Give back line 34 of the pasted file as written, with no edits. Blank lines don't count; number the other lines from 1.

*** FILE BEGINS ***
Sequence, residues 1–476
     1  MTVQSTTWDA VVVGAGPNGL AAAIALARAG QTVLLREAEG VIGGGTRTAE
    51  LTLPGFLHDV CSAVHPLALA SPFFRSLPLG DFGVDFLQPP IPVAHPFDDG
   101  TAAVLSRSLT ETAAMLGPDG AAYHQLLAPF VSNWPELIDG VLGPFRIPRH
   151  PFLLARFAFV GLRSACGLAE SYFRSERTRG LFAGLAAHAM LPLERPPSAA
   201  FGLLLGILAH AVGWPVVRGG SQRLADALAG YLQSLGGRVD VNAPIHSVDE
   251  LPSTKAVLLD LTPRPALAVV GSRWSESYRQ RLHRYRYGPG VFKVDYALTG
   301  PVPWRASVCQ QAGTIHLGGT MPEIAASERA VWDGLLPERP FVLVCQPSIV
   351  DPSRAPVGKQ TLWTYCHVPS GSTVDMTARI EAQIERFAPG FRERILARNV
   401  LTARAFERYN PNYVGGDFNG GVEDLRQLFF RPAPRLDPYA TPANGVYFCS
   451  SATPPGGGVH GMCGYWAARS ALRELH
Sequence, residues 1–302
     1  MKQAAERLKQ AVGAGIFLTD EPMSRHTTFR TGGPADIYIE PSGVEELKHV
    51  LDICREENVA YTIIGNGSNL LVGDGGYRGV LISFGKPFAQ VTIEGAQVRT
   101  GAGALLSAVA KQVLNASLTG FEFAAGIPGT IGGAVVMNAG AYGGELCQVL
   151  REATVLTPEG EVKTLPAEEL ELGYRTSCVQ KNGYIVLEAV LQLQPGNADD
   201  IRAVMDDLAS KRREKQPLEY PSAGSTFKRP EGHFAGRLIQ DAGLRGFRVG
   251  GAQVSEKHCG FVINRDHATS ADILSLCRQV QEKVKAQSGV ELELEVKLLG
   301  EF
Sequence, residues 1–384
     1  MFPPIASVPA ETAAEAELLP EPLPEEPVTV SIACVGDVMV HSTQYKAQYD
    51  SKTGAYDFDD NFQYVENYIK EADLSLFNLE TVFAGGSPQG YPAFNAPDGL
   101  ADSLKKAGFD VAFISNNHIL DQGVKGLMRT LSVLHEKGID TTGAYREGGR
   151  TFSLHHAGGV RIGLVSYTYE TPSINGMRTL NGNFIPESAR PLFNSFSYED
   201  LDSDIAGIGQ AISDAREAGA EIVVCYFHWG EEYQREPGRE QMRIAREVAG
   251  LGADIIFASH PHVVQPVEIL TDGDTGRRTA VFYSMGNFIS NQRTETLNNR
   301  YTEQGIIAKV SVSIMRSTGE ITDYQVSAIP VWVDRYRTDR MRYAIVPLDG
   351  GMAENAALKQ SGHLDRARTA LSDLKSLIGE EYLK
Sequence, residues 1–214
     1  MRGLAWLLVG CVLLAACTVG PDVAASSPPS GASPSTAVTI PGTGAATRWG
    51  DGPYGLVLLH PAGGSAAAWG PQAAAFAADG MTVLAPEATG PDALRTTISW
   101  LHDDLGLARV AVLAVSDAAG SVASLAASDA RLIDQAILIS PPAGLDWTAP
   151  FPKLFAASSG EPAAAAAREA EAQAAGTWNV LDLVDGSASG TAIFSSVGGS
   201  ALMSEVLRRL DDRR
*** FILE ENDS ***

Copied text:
   201  ALMSEVLRRL DDRR